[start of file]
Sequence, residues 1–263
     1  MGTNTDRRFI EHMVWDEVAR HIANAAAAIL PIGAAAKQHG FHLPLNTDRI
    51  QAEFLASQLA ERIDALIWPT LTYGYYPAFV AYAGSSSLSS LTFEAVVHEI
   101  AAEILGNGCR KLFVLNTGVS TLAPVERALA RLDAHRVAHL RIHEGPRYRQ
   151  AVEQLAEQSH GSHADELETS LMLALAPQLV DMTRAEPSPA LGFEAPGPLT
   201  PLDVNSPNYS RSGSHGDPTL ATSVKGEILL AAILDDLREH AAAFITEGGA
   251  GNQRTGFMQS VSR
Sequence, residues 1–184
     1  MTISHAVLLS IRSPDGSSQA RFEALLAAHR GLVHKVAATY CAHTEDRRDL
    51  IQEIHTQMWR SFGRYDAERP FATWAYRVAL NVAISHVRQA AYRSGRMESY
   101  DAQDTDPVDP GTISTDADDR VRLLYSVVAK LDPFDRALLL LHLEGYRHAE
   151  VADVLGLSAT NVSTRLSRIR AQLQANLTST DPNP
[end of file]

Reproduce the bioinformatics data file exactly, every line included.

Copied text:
Sequence, residues 1–263
     1  MGTNTDRRFI EHMVWDEVAR HIANAAAAIL PIGAAAKQHG FHLPLNTDRI
    51  QAEFLASQLA ERIDALIWPT LTYGYYPAFV AYAGSSSLSS LTFEAVVHEI
   101  AAEILGNGCR KLFVLNTGVS TLAPVERALA RLDAHRVAHL RIHEGPRYRQ
   151  AVEQLAEQSH GSHADELETS LMLALAPQLV DMTRAEPSPA LGFEAPGPLT
   201  PLDVNSPNYS RSGSHGDPTL ATSVKGEILL AAILDDLREH AAAFITEGGA
   251  GNQRTGFMQS VSR
Sequence, residues 1–184
     1  MTISHAVLLS IRSPDGSSQA RFEALLAAHR GLVHKVAATY CAHTEDRRDL
    51  IQEIHTQMWR SFGRYDAERP FATWAYRVAL NVAISHVRQA AYRSGRMESY
   101  DAQDTDPVDP GTISTDADDR VRLLYSVVAK LDPFDRALLL LHLEGYRHAE
   151  VADVLGLSAT NVSTRLSRIR AQLQANLTST DPNP